Bitcoin is designed to disrupt the money remittance service as we know it today. With its global availability and much lower fees, it only makes sense to use Bitcoin for cross-border payments. The final 2016 report by World Bank Group goes to show that sending money from G20 countries remains ludicrously expensive, Russia being the only country bucking the trend. Below are the most expensive G20 countries to send remittances from.
It is somewhat surprising to see Germany being ranked number four in the top most expensive G20 countries to send remittances from. They are also the only Western European country above the G20 average. At the end of Q3 2016, the average cost of sending money from Germany to any other country in the world was 8.56%. To put this into perspective, a 200 euro transaction would result in 17.12 euros worth of fees
In 2016, and even in 2017, such high fees will need to be removed from the equation, particularly where Western European countries. Of the G20 countries, Germany is well ahead of France and Italy where fees are concerned. The UK still has a 7.35% fee for remittances, which may even grow higher depending on how the government handles the Brexit in the coming months.
Even though Australia is becoming a fintech force to be reckoned with, the country still has some of the highest remittance fees in the world. That is when it comes to sending money from Australia to anywhere else in the world. Future growth in the fintech sector may help push these fees down by quite a margin. As disruptive solutions bring more competition to the market, remittance fees will undoubtedly lower.
In the remittance sector, one doesn’t often talk about Japan. The land of the rising sun is quite an expensive region to send money from, with an average fee of 11.30%. That being said, this percentage is an improvement compared to Q2 2016, during which the average transaction fee was 16.72%. It appears Japan is taking big steps forward regarding lowering the current remittance fees, which is a positive development. If the government plays their cards right, Japan will surpass Australia in the coming years.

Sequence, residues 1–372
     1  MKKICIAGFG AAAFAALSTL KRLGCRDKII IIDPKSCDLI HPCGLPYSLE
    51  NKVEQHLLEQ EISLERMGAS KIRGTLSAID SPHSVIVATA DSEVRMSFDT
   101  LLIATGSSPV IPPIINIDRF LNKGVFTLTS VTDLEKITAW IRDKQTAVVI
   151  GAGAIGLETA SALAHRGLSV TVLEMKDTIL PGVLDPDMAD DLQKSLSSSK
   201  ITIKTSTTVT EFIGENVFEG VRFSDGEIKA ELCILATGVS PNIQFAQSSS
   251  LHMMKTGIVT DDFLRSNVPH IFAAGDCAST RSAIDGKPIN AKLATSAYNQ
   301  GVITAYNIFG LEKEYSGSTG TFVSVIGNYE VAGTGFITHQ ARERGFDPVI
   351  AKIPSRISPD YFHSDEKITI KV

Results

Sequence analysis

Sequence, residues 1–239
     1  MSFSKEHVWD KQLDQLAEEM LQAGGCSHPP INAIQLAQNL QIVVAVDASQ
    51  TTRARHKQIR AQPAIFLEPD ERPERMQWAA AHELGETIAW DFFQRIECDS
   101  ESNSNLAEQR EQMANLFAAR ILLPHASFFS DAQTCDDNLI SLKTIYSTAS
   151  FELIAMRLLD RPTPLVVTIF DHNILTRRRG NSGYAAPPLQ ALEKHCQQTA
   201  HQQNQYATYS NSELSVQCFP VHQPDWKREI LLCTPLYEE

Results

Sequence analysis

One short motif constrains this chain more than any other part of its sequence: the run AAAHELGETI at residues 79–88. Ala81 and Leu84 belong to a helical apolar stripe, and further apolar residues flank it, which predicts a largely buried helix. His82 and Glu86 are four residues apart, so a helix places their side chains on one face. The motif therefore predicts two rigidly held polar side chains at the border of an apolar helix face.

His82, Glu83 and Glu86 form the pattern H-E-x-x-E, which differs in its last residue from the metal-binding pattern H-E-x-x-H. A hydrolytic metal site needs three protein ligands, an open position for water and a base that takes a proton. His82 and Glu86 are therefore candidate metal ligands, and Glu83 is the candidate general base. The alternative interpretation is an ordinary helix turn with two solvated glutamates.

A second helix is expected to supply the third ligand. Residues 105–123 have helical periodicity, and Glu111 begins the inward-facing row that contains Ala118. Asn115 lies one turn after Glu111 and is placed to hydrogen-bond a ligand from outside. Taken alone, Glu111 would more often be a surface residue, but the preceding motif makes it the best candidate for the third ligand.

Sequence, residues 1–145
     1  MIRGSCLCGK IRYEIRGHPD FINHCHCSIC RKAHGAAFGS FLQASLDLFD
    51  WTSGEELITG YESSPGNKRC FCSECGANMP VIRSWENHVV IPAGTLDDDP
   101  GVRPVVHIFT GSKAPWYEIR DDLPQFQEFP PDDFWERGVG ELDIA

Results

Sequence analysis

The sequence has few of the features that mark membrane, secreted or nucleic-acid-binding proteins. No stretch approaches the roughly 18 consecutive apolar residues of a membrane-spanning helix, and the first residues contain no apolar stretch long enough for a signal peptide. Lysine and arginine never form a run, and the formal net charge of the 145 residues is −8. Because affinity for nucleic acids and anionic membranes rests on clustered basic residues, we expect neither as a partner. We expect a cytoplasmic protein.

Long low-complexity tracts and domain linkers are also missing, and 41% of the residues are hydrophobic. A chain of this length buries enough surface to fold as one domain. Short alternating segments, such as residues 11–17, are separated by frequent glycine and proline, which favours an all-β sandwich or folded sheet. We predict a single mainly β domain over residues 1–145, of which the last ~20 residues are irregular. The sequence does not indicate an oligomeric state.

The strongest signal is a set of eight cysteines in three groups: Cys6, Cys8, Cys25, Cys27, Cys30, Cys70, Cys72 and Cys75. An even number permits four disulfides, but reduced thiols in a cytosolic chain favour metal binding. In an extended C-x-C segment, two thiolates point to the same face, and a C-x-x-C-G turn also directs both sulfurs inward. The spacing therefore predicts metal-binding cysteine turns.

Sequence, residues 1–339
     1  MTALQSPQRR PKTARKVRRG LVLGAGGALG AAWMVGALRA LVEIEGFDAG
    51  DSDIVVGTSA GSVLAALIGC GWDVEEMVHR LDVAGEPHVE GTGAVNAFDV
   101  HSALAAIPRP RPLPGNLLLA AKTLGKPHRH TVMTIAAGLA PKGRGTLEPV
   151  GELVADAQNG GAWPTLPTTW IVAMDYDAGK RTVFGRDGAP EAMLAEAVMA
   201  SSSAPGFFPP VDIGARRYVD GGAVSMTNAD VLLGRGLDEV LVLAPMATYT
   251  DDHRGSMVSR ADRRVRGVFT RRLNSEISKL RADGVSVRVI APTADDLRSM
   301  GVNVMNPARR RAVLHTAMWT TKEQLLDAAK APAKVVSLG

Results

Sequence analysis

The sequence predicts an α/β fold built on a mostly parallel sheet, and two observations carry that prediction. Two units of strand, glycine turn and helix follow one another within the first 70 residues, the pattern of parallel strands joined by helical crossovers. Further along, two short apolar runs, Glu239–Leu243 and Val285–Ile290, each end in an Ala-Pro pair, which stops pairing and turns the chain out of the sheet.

#1 South Africa
For quite some time now, South Africa has been a region where sending remittance transfers is incredibly expensive. As of Q3 2013, sending money from South Africa to the rest of the world was subject to an average fee of 16.95%. That means over one/sixth of the total amount paid is made up of fees alone. An astonishing number, unfortunately things only seem to get worse as more time passes.
To be more precise, South Africa’s remittance fee average was a whopping 16.72%. It is unclear how the high fees came about, although it seems that this trend has been going on for quite some time now. Countries dealing with capital controls tend to fall victim to high remittance fees over time. Bitcoin can make a big impact on the South African remittance sector over time, although it is uncertain if cryptocurrency is used for this type of purpose as of now.
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